Dei'ah veDibur - Information & Insight

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29 Kislev 5760 - December 8, 1999 | Mordecai Plaut, director Published Weekly








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Home and Family
Creativity Corner:
Chanuka Vacation Projects - Styrofoam and Glitter Dreidel

by Devora Piha

The dreidel with its constant presence at Chanuka is a given fact. We expect to see dreidels and the menora and sufganiyot at Chanuka time. But, for someone with little or no Jewish education, the sight of the svivon can arouse the basic question of what this has to do with Chanuka. To answer this, we go back in history to about 2200 years to the period between the rebuilding and subsequent destruction of the Bayis Sheni. Jewish men and boys played with tops as a ploy to distract the occupying Greek Syrian soldiers from their true occupation of studying Torah and carrying out the mitzvos, which was done at the risk of death. The Jews understood well that to remove themselves from Torah was greater than the penalty of physical death; it meant eternal death.

An additional significance of the dreidel is that it is spun by being held from the top. This hints that the miracle of the Chanuka redemption came from Above. Hashem's purpose with the harsh decrees was to awaken the Jewish people to the danger of Hellenism, to whose influence many were succumbing. The opposite is observed on Purim with the gragger. We twirl the noisemaker from its handle, on the bottom, to remind us that the redemption in this case followed the tshuva the Jews did for their participation in Achashverosh' feast.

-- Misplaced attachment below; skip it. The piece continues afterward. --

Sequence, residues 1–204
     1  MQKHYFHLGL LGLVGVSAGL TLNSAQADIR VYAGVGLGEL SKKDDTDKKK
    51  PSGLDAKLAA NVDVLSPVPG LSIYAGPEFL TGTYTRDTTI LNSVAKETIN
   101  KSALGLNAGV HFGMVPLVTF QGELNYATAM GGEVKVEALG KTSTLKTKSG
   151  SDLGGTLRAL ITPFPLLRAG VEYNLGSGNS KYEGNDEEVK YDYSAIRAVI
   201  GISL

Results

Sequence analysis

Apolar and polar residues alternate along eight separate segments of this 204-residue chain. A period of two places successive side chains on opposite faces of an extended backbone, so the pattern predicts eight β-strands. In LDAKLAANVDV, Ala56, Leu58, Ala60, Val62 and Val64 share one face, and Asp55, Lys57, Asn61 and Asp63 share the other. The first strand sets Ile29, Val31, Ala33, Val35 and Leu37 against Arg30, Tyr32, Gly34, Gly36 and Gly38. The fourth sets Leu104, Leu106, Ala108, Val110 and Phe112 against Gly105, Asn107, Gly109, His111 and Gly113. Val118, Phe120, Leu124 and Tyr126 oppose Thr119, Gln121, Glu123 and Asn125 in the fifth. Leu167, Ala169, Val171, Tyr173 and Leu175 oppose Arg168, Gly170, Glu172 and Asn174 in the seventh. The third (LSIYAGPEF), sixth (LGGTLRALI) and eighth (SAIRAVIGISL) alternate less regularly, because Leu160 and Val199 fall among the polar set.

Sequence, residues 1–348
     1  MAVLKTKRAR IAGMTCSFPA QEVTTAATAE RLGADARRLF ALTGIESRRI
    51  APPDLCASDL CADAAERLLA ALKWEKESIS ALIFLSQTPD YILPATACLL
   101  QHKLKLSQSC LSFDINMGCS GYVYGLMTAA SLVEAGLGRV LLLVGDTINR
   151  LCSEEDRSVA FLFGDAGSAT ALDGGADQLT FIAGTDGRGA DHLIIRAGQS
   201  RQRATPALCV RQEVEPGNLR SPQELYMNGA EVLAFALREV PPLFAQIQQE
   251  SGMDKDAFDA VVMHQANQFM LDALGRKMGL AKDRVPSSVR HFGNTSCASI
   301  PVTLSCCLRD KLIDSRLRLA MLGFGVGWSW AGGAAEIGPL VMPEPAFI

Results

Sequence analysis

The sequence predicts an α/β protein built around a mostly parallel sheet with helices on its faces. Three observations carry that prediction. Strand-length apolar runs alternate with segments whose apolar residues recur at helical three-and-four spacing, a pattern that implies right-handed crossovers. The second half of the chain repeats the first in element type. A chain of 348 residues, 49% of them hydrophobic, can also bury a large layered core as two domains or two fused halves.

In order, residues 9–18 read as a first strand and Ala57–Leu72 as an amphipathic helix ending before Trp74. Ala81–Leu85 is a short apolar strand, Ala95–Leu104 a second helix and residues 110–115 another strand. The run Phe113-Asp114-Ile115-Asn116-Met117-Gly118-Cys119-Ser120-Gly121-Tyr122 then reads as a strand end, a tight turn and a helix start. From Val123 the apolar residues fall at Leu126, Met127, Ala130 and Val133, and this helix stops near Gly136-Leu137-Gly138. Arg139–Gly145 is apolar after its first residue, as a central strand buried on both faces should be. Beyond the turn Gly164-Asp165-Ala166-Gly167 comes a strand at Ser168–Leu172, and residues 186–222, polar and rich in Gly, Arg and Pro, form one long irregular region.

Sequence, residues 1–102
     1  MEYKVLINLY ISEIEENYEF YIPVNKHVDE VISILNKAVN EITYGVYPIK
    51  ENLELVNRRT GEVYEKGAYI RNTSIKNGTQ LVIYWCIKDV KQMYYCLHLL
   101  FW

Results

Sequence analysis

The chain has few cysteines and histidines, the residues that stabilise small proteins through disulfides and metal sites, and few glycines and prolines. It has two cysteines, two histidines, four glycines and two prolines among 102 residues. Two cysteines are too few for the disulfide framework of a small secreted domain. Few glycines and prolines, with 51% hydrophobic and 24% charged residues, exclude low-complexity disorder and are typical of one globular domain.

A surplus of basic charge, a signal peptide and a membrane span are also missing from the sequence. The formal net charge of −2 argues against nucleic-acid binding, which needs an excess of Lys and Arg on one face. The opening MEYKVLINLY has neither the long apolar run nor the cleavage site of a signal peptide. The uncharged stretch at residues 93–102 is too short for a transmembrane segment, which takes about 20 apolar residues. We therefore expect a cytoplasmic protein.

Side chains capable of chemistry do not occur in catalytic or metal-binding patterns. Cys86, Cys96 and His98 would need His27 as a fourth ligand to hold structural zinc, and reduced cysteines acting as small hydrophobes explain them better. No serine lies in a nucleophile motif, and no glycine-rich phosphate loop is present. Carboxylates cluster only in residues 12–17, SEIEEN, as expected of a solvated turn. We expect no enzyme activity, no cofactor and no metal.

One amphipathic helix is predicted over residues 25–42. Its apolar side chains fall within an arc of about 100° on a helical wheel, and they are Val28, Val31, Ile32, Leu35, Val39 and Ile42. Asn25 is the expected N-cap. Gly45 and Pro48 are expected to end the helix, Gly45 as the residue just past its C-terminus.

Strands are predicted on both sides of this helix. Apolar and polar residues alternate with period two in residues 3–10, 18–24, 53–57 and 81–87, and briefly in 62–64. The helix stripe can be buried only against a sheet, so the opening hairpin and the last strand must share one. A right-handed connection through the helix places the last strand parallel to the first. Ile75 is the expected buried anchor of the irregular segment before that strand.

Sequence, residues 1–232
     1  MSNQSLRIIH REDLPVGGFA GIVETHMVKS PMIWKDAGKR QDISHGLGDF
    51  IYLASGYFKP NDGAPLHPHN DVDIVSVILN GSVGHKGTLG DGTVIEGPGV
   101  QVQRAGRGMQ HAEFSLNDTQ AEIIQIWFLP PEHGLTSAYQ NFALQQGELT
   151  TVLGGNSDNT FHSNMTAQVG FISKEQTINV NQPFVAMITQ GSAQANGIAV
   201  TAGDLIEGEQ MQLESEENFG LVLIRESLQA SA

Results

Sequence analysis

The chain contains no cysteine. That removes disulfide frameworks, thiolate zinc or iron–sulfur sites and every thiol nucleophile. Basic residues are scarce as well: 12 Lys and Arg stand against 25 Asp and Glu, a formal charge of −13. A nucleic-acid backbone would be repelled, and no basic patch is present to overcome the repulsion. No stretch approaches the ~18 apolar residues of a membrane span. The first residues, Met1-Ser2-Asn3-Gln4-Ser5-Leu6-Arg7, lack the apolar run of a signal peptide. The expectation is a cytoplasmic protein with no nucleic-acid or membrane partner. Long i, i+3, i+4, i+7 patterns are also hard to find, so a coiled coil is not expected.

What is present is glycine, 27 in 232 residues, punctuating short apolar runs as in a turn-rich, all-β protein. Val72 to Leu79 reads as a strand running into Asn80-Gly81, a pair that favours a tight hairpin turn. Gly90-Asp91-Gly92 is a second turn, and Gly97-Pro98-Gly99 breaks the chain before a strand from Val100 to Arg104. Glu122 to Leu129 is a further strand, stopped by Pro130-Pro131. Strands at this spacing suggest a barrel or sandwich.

A creative mother deserves the credit for the following Chanuka dreidel decoration made about 30 years ago. She made it with her children. It was recently rediscovered in a box under a pile of old letters and photographs. It had been displayed in my home; this year it will hang in her grandchildren's home and they will recall that she made it as her effort in passing on the timeless message of Chanuka in a subtle, educational and beautiful way.

Holding the styrofoam dreidel in my hands, I notice it still has its orginal appeal after three decades. With the creative technical logistics of the idea worked out for us, we can go ahead and make up one ourselves. The simplicity of this project is in its quickness of execution and in its glittery yet quiet presence. This piece is 12 inches x 7 inches x 1 inch thick (30 cm x 17 cm x 2 cm). There may have been other styrofoam decorations that comprised a set of other Chanuka themes or other dreidels. But this lone one remained. The singular simplicity of this decoration adds just enough of an extra finish to the Chanuka table and does not distract from the message of the menora, that Hashem caused the victory of few over many and saved Jews from spiritual and physical extinction, in those days, as in these.

Hang the dreidel from a ribbon from a lamp over the dining room table or in the living room. Kindergarten teachers can make four tops, each with the letter of the dreidel.

Styrofoam is a versatile and inexpensive material. Cut out an assortment of basic shapes from it. Stars, circles, triangles and squares work well for the standard block sheets. Use large pieces for shapes with several curves to prevent delicate shapes from breaking off. Use your own ideas to beautify your Chanuka children's room or classroom. (Do not decorate windows that have menoras on the sill. Styrofoam is flammable!)